They’ve seen me running around in a jumpsuit and bright red lipstick, taking selfies with friends right before Enrique Iglesias and Maná concerts in Managua. And they’ve opened the door for me at 2 AM, my ears still ringing from the music.

They’ve also seen me at my most vulnerable, like after a long-distance breakup and an assault. Having a comfortable, quiet, safe place to sleep felt incredibly sacred when I wasn’t emotionally ready to be in my Peace Corps site.

To do my part to thank hotel staff, I wanted to highlight the stories of three female staff members.

So I interviewed the staff at Soma Surf Resort Nicaragua, starting each interview with the question, “What are you grateful for?” I wanted to expose the fact that these employees are people (and often travelers, too), with amazing stories to tell. All I had to do was ask.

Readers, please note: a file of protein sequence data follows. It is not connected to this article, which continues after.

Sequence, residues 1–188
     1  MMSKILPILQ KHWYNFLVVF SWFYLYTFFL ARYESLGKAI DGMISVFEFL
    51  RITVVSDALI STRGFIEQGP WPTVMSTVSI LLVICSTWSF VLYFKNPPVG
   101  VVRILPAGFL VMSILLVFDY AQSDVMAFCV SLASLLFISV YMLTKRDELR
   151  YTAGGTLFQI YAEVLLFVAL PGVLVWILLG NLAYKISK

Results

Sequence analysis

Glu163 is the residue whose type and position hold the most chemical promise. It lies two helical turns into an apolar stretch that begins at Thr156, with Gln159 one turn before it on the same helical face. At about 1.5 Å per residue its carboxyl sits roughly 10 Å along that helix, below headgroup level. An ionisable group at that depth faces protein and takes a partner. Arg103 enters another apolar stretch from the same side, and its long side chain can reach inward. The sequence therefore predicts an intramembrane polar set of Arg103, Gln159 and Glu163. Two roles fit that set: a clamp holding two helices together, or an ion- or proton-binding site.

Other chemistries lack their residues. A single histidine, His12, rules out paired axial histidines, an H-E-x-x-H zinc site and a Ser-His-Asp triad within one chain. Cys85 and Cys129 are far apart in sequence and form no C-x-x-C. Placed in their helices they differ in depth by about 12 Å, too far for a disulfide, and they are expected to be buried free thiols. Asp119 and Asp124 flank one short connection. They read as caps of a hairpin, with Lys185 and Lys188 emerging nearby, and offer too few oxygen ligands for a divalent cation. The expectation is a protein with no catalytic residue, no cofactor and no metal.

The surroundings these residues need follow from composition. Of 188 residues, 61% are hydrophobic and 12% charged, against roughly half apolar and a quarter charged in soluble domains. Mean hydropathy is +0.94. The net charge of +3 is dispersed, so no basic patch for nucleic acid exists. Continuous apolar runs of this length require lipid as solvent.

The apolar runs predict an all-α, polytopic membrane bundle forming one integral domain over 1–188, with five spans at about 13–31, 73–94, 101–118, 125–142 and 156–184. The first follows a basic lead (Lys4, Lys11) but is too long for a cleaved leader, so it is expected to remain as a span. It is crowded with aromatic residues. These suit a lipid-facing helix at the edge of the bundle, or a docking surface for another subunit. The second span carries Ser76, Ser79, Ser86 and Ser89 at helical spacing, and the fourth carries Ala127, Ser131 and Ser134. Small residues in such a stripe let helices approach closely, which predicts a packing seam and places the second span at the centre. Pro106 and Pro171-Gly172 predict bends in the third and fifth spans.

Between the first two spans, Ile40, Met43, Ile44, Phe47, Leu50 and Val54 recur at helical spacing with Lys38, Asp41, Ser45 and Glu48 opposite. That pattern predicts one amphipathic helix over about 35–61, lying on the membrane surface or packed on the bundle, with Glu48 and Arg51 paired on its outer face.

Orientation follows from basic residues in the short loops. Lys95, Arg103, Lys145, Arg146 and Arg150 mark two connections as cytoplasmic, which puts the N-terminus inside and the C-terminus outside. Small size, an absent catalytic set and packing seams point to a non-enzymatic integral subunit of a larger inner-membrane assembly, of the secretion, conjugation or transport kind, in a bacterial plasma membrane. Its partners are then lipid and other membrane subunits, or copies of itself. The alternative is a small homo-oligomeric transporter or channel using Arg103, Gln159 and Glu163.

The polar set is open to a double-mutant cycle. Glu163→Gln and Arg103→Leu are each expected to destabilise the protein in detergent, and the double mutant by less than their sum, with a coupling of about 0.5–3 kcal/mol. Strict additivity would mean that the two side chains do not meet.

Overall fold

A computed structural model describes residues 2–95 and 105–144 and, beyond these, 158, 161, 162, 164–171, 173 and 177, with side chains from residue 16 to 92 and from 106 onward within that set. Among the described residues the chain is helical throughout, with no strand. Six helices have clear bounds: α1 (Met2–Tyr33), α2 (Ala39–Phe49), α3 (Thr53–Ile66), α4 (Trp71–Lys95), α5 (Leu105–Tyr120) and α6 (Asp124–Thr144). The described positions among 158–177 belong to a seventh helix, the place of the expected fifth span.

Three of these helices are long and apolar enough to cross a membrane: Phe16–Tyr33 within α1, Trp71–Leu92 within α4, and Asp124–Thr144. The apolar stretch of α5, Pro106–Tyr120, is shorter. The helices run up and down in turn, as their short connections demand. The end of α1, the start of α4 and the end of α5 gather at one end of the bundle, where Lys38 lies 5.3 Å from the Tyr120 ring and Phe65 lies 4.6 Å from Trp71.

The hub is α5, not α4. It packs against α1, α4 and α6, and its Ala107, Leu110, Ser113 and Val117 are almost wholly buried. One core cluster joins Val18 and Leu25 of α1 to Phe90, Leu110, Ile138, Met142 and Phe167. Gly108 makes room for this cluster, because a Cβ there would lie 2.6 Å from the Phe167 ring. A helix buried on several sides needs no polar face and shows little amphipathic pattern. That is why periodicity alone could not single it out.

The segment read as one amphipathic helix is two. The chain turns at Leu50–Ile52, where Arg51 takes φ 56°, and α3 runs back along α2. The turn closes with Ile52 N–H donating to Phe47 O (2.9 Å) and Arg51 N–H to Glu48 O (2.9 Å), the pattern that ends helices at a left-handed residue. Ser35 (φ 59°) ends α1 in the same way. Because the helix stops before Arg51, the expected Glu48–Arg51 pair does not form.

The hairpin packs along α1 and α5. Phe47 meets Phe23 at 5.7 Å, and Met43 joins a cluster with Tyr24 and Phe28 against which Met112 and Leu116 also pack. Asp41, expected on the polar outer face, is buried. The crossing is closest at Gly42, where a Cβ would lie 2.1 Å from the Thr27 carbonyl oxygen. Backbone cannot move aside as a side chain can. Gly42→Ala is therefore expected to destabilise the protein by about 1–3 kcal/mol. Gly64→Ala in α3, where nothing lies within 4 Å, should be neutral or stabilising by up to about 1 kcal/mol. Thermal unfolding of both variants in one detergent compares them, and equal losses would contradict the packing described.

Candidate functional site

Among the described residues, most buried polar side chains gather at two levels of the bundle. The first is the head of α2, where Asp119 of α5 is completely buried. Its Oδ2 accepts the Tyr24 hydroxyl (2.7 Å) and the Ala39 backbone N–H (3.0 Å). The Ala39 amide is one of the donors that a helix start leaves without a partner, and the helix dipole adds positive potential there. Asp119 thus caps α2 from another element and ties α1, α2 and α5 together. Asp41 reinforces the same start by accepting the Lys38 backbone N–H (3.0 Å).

Isabel, Housekeeper and Mother of Three Boys

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Image by Char Stoever.

I’m grateful for Casey, the owner [of Soma Surf Resort] because I left three times to try to move to Costa Rica, but I couldn’t get a visa. Casey has taken me back each time.

I’m also grateful for this job because I like to be busy. The job puts my mind, hands, and feet to work!

Juana, 24, Chef and Mother of Two

travel industry
Image by Char Stoever.

“I’m a Jehovah’s Witness, and sometimes we have reunions with people from all over Nicaragua. I like these reunions because I get to see friends who I haven’t seen in awhile.”

Amalur, 21, Chef and Mother

Amalur and I connected because I was born in Mexico, and she had been there.

travel industry
Image by Char Stoever.

“When I was 11, a friend said that I should try wrestling out. I didn’t ask my mom for permission. A week after starting, my coach wanted me to wrestle in a tournament in Managua.

“At the tournament I wrestled another girl in the 55 kilogram category. I locked her leg, then ended up fracturing it. When my mom found out what happened, she freaked out. I won four gold medals for wrestling, then went to Puebla, Mexico for a tournament. My mom helped me get my passport.